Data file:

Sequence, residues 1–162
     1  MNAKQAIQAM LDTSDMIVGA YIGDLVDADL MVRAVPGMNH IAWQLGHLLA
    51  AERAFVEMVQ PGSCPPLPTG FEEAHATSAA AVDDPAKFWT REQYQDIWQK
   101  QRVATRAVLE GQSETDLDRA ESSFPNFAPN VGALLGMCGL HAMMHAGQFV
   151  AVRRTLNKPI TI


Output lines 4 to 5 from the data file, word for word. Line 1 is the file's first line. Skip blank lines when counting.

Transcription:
   101  QRVATRAVLE GQSETDLDRA ESSFPNFAPN VGALLGMCGL HAMMHAGQFV
   151  AVRRTLNKPI TI